More noise than signal


Republished from the show notes of my other site, Fuds on Film.

There was quite the buzz about Mandy amongst weird film Twitter, where we’ve been known to hang out, so much that it leaked into the mainstream. As much as something like this can, at least. So, what’s the deal with Panos Cosmatos’ second outing, a mere eight years after his debut? Well, I’m not completely sure, to be honest, but let’s discover that together, shall we?

Red Miller (Nic Cage) is a lumberjack, and he’s okay. For a short while, anyway. Living in a remote cabin with his artsy girlfriend Mandy (Andrea Riseborough), the unconventional pair seem very much in love and happy. For a short while, anyway. Cue cult leader Jeremiah Sand (Linus Roache)’s appearance, taking a passing fancy to Mandy and issuing orders to his assorted hangers on, freaks and geeks to procure her for some crazy mystical nonsense reasons that he may or may not believe, but his followers certainly do.

The gang, including three Hellraiser-esque bikers who are, for a short while, anyway, introduced as actual blood-drinking demons, bring Mandy back to their lair, but even after a drug-addled indoctrination she’s not compliant with their wishes. The obvious next step – incinerate her in front of a helpless Red and leave him for dead. However, he doesn’t die, and with the added indignity of them ripping his favourite shirt, it’s enough to set him off on a roaring rampage of revenge.

Stopping off at Bill Duke’s home to pick up some murder supplies, he’s told of the rumors of how dangerous this lot are, in case he needed more warning than he’s already witnessed, and hints are thrown around about Red’s past that imply some of the particular set of skills that will make him a nightmare for people that burn his loved ones to death. So begins the cavalcade of vengeance, and framed like that, Mandy sounds like a fairly standard revenge flick.

It is not.

Where to start? Visually, I suppose may be the easiest – it’s quite the most aggressively graded film I’m ever seen, making Suspiria seem like a muted exercise in restraint. It’s a disorienting deluge of color overlays that’s by turns disgusting, pretty, distracting and engaging. It’s bizarre.

Perhaps most notably, however, it’s a Nic Cage turn that sets, or at least comes very close to setting a new high water mark for “full Nic Cage”. His transformation from content hippy to frothing madman makes for a remarkable set of scenes, culminating in the bathroom meltdown you may have seen on your Twitter account, with the remaining hour or so being no less memorable, particularly when combined with the extreme visuals on display.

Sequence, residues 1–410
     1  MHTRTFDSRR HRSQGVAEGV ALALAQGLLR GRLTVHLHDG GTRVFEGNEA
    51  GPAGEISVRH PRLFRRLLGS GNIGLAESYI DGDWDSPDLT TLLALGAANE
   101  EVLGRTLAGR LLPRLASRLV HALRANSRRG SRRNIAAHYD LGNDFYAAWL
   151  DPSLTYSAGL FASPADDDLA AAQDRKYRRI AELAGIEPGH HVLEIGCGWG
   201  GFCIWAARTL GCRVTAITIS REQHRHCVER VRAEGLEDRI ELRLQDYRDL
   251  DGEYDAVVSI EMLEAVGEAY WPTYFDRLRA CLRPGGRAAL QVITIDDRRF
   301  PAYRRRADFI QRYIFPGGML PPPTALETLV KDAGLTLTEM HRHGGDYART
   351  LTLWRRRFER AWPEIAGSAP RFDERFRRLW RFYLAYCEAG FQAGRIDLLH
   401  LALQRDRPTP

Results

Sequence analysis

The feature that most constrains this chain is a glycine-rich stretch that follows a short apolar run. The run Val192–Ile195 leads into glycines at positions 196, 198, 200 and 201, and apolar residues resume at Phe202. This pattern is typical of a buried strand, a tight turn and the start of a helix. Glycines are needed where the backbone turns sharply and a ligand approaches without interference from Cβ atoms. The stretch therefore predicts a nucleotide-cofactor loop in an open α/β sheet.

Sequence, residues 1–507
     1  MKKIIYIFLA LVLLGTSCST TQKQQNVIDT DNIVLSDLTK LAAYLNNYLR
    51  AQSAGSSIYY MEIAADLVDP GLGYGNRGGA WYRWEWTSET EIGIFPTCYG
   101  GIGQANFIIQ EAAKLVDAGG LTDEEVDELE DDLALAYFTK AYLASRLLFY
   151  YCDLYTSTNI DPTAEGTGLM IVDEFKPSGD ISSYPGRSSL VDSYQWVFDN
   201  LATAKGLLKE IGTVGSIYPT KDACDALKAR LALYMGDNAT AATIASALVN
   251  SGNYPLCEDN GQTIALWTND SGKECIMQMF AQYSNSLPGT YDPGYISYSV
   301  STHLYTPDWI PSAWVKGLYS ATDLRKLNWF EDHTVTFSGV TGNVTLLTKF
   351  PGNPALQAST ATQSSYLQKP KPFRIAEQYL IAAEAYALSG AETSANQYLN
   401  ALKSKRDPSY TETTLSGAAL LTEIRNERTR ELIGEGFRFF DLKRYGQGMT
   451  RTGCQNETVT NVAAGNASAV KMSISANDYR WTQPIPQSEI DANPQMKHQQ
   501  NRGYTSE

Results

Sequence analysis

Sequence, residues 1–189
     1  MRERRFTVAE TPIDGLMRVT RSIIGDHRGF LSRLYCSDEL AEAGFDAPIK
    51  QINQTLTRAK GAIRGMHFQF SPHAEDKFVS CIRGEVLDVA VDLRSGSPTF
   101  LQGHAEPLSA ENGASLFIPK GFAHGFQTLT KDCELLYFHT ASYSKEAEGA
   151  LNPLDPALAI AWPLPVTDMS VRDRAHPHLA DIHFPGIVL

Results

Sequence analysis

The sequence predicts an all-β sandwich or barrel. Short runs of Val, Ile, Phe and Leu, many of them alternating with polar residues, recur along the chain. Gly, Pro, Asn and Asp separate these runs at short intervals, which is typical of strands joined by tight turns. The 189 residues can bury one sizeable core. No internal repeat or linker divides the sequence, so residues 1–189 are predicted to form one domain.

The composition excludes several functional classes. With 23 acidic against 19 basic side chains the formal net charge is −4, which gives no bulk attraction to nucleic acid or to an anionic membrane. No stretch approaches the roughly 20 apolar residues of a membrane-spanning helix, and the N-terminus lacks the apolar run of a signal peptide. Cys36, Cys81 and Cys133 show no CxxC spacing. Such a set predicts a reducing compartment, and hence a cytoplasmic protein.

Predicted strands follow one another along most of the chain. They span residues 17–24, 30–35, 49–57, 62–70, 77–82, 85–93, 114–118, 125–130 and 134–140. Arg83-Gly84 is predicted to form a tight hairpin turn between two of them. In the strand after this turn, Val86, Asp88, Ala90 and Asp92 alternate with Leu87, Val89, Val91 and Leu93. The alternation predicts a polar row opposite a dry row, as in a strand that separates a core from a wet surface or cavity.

It makes what would otherwise be a series of slightly odd vignettes of violence become something truly memorable and remarkable, albeit in ways that I still cannot yet work out if they should be sorted into the bucket marked “genius” or the bucket marked “abysmal”.

I’ll say this – it’s clearly far from perfect, with cult leader Linus Roache in particular being a nonentity that did not make for compelling viewing, and the half hour-ish stretch where he’s given reign in the scenes with the cult members and the abduction of Mandy and so on came quite close to exhausting my patience. At about 2 hours, this film is about half an hour too long, and it’s this half hour, in particular when there’s no motivation, creed or logic behind the cult and their actions other than Kanye West levels of crazy. Coming after the slow start establishing Mandy and Red’s peaceful life, I was getting a tad annoyed with the deliberate quirkyness and about to mentally check out before it switches gear and turns into a more whacked out Crank film.

The last hour is a mesmerisingly insane riot of sequences that, whether you’re onboard or not absolutely demand attention, with action and visuals that left me in gales of laughter. I’m assuming we’re not to take this seriously. Surely? Actually, I’m not sure of anything this film, or Nic Cage in general does. When he’s interviewed, he doesn’t seem like a maniac, and gives broadly sensible reasons for playing certain characters the way he does. Yet this is clearly the work of a madman.

That’s not fair. It’s the work of an entire team of mad people, dedicated to artisanally crafting a mad film. Your boring, conventional judgements of “good” or “bad” are not an axis this film chooses to grade itself on. It’s shooting for “memorable”, and it’s most certainly that.

Bonkers. Couldn’t make it up. Particularly the Cheddar Goblin.